1. Sondjata

    Joined: Dec 1969


    hard place for Apple

    I see no reason to fault Apple for a decision it had no part in. The copyright owner decided to split the season and directed Apple to comply. The customer got the shaft because he bought, through apple, the Southpark season. It would not have mattered if it was Apple or the Zune store, the customer would have been screwed either way. problem for Apple is that if it caves to this customer then it will have to cave to every one who was caught out there. Instead the ire should be directed at the copyright holders who decided to split the season in order to generate more profit. The copyright holders could have waited until all shows had ended their season as understood by it's viewers and then changed to the split format.

  1. climacs

    Joined: Dec 1969


    vote with your $$$

    by not buying the fake season pass!

    I too think that's bullshit... if they see sales fall off the cliff, they will change their policy.

    If it's not a true season pass, why call it that? Deceptive advertising...

  1. Buran

    Joined: Dec 1969


    No part? Certainly not!

    "I see no reason to fault Apple for a decision it had no part in."

    It offered a 'season pass' of a program for $x. The customer purchased the pass, which reasonable people understand to be (for weekly shows) around 22 episodes. That is how the phrase is used in literature, in the TiVo programming guide, and in ordinary conversation.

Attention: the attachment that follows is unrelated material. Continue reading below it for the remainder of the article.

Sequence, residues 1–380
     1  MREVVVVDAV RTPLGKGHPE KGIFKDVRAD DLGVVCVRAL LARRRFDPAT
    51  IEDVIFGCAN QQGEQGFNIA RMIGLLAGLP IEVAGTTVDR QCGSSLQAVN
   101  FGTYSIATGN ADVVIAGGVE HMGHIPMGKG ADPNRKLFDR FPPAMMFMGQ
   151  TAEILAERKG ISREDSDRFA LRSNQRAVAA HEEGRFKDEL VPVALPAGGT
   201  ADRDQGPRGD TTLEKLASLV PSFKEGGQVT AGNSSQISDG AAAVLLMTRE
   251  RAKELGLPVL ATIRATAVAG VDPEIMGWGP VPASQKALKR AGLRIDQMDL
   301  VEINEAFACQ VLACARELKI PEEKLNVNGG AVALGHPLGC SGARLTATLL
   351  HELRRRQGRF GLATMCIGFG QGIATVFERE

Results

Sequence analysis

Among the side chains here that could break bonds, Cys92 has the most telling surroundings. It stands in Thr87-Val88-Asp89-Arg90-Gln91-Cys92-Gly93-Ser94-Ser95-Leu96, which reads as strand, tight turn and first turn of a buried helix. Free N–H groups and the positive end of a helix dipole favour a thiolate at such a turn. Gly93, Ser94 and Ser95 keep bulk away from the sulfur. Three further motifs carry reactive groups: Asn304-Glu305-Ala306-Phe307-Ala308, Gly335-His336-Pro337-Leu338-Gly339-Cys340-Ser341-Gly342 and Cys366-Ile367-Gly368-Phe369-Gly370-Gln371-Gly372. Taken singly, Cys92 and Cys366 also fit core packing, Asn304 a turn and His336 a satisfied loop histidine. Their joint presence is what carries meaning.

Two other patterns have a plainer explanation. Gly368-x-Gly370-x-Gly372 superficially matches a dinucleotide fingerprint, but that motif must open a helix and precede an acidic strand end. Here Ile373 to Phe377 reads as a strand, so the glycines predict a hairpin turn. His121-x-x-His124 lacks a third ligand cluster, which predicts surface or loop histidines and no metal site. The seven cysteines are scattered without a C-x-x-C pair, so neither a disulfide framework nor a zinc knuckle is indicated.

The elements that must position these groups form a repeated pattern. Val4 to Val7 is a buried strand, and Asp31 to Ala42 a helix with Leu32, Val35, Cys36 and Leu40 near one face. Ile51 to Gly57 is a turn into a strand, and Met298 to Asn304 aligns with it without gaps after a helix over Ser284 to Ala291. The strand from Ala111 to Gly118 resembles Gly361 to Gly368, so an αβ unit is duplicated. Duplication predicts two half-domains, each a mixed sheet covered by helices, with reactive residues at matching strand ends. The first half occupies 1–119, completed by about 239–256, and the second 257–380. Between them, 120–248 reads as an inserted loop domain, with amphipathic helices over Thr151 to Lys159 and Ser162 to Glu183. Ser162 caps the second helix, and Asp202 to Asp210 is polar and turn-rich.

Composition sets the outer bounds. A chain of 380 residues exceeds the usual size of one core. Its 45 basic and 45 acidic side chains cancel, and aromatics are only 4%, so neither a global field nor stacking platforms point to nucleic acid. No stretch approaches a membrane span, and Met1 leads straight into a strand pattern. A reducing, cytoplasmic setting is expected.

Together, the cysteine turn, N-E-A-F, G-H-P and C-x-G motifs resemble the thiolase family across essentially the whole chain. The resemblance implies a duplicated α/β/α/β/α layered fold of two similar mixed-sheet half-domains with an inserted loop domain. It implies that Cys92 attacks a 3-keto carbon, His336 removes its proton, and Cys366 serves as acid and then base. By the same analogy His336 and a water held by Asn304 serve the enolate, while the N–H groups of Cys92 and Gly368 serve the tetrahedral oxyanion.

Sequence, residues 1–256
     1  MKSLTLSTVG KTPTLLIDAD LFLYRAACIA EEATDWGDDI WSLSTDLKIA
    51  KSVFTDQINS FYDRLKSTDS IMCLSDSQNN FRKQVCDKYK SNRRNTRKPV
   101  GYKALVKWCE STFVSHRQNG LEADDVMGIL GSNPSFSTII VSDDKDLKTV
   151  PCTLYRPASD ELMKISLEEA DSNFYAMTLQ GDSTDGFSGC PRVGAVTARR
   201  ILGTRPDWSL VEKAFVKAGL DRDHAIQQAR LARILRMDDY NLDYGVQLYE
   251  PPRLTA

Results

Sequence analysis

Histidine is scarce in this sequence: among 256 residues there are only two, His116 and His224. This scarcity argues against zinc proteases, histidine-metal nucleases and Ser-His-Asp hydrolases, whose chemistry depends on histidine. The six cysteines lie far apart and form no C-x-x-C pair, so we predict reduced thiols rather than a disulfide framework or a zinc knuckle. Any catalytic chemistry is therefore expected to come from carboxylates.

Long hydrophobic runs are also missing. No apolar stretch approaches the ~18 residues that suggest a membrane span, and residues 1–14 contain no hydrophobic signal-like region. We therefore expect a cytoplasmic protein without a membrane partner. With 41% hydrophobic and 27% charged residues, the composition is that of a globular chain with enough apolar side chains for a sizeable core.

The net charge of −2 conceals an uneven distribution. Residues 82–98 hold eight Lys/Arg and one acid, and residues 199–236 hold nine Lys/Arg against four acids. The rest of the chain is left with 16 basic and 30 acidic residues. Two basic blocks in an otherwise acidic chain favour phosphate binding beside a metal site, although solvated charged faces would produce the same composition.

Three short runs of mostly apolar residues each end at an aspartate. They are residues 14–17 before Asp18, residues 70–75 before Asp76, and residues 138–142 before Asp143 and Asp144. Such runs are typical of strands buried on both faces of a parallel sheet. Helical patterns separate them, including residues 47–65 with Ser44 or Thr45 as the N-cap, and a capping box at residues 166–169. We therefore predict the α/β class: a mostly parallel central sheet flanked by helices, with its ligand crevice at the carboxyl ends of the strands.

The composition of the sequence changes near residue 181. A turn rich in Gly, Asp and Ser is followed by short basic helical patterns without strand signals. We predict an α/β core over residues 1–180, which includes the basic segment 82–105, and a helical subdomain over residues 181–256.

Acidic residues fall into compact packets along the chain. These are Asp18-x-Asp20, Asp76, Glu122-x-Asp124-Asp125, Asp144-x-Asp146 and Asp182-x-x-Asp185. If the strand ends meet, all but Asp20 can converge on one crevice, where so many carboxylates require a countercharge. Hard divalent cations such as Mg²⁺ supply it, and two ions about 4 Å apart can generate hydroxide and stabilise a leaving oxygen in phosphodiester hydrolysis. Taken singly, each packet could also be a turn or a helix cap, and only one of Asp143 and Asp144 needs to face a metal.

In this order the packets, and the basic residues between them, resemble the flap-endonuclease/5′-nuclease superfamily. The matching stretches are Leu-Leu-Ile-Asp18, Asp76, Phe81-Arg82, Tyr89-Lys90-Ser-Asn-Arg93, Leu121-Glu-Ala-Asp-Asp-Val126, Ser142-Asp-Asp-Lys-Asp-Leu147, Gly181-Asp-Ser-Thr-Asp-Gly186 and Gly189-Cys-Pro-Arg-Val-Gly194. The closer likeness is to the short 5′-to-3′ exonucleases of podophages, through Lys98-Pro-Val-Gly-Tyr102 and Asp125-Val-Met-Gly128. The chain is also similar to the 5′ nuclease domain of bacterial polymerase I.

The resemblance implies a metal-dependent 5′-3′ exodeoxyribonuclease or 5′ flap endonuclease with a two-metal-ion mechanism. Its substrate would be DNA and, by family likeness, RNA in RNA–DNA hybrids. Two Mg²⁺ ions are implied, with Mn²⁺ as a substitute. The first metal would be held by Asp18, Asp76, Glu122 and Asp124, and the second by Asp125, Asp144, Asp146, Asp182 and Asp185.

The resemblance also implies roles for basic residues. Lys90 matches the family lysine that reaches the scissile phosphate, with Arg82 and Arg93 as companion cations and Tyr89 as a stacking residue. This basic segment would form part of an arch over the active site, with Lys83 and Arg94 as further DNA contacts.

Apple only gave half of that and then refused to make amends when the customer complained. It's Apple's online store. Apple has total control over it. Apple can, and should, fix this and give the guy what he paid for since he paid for it before the terms were changed.

    And then Apple needs to "un-split" the passes so that there won't be anyone else who gets upset. "They can't do that" you say?

    I guess then I can't change the content on MY website, either.

  1. migs647

    Joined: Dec 1969


    7 Episode Seasons

    Seven episodes in an entire season is actually starting to become more normal. There are so many tv shows out there now, and not enough time for them. So they are doing seven shows instead of fourteen. This happened to one of my favorite TV Series "The Loop". It is pretty dumb if you ask me. So in affect, apple is right. It is a full season. Blame the broadcasting stations / network stations. This is 100% not apple's fault.

  1. milhouse

    Joined: Dec 1969


    Apple should

    do the stand up thing and just give everyone who made the same purchase the entire season.

  1. McDave

    Joined: Dec 1969



    I'm not sure about US law but usually the copyright holder has the right to define what constitutes a 'season' and it's Apple's responsibility, as a vendor, to communicate that on to the customer. If Apple (knowingly or not) mis-informed the customer at the time of purchase by implying season 10 constituted a certain number of episodes, which transpired not to be the case, they must procure the blame. If the customer assumed the number of episodes based on other shows or previous seasons that's not the case & the fault lies with them.

    Either way, it's not good for Apple commercially and they would probably concede and seek compensation from the supplier.

    Hey, maybe they can launch the service outside of the US?